• develop experimental "near sensing" methodologies, for collecting spatial data using digital devices.
  • understand the grounded social and environmental realities of the Drug War in Central America.

I strongly encourage students to apply who have been personally affected by Drug War policies, particularly, the uneven policing and prosecution of drug-related laws in our judicial system. A permanent record of drug-related legal violations will not work against your application: rather it indicates a personal stake in identifying and addressing the harmful outcomes of the Drug War.


Ph.D. (2011) – Geography, King’s College London: “Tropical storms, social-ecological regime shifts and environmental migration: the search for stability in flooded Garífuna communities of the Honduran Caribbean.”

M.P.A. (2005) – Master's of Public Administration and Policy, University of Georgia


Associate Member of the Hugo Observatory on Environment, Migration and Politics at Université de Liège

Previous positions

Post-doctoral research fellowship – National Science Foundation - Coupled Human Natural Systems #1010384 (Jeffrey Bury PI), Department of Environmental Studies, University of California Santa Cruz (2011 - 2013)

Associate Academic Officer – United Nations University-Institute for Environment and Human Security (2013 - 2016)

Adjunct faculty – Department of Environmental Studies, San José State University (2015 - 2016)

Recent publications

Lu X, Wrathall D., Sundsøy PR, Nadiruzzaman M, Wetter E, Iqbal A, Qureshi T, Tatem AJ, Canright GS, Engø-Monsen K, Bengtsson L. (2016). Detecting climate adaptation with mobile network data in Bangladesh: anomalies in communication, mobility and consumption patterns during cyclone Mahasen. Climatic Change. 138(3-4):505-19.

Lu, X, Wrathall D., P. Roe Sundsøy, M. Nadiruzzaman, E. Wetter, A. Iqbal, T. Qureshi, A. Tatem, G. Canright, K. Engø-Monsen, L. Bengtsson (2016). Unveiling hidden migration and mobility patterns in climate stressed regions: A longitudinal study of six million anonymous mobile phone users in Bangladesh. Global Environmental Change38, 1-7.

Nadiruzzaman, M., & Wrathall, D. (2015). Participatory exclusion–Cyclone Sidr and its aftermath. Geoforum64, 196-204.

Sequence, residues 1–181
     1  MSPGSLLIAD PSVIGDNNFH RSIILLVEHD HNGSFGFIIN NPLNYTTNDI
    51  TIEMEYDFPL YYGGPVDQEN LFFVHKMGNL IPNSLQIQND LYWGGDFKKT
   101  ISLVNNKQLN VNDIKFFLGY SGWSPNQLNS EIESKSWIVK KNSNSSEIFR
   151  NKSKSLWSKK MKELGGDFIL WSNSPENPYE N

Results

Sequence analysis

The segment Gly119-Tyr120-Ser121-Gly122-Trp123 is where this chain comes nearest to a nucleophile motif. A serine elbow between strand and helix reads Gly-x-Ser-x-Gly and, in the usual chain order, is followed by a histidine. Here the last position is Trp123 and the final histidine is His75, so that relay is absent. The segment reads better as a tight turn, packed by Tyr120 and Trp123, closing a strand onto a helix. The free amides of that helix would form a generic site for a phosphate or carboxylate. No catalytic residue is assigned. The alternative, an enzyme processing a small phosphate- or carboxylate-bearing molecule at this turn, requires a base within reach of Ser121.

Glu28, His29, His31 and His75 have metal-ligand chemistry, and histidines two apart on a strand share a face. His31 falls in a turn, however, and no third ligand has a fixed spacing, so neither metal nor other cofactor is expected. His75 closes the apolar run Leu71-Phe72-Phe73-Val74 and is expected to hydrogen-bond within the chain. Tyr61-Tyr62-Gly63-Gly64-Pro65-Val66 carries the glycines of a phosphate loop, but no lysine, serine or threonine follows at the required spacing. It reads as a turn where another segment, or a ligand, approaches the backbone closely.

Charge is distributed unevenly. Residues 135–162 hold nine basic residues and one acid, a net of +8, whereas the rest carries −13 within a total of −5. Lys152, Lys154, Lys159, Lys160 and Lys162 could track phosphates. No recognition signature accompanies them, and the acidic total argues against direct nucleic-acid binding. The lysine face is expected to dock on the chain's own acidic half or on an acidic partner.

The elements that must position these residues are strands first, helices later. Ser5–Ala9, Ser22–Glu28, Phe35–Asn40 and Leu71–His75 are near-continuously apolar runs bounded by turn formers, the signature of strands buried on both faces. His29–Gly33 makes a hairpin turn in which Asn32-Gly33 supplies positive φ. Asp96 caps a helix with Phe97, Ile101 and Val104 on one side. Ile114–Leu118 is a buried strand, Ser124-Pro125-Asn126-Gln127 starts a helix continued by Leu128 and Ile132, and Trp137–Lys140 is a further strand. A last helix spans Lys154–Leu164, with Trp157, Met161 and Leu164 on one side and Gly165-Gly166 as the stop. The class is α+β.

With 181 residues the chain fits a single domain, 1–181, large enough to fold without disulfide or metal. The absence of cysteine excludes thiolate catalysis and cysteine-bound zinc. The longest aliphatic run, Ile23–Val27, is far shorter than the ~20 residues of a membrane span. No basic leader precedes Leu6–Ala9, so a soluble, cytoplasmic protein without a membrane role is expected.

Tanner, T., Lewis, D., Wrathall, D., Bronen, R., Cradock-Henry, N., Huq, S., ... & Thomalla, F. (2015). Livelihood resilience in the face of climate change. Nature Climate Change5(1), 23-26.

Wrathall, D. & N. Suckall, (2014). Labour migration amidst ecological change. Migration and Development. 5(2), 314-329.

Wrathall, D., A. Oliver-Smith, A. Gencer, M. Reyes, & P. Sakdapolrak. (2014) Problematising Loss and Damage. International Journal of Global Warming. 8(2), 274-294.

 McSweeney, K., Nielsen, E. A., Taylor, M. J., Wrathall, D. J., Pearson, Z., Wang, O., & Plumb, S. T. (2014). Drug Policy as Conservation Policy: Narco-Deforestation. Science343(6170), 489-490.

Wrathall, D. & J. Bury, M. Carey, B. Mark, J. McKenzie, K. Young, M. Baraer, A. French & C. Rampini. (2013) Migration amidst climate rigidity traps: resource politics and social-ecological possibilism in Honduras and Peru.  Annals of the Association of American Geographers, 104(2), 292-304.

Wrathall, D. (2012).  Environmental migration amidst social-ecological regime shift: the search for stability in Garifuna settlements of Northern Honduras. Human Ecology, 40(4), pp. 583–596.

Mustafa, D. & D. Wrathall (2011). Indus Basin Floods of 2010: Souring of a Faustian Bargain? Water Alternatives, 4(1), pp.72–85.

Mustafa, D. & D. Wrathall (2011). The Indus Basin Floods of 2010: the cost of agricultural development. On the Water Front: Selections from the 2010 World Water Week in Stockholm, J. Lundqvist (ed.). Stockholm International Water Institute (SIWI), Stockholm. p.129.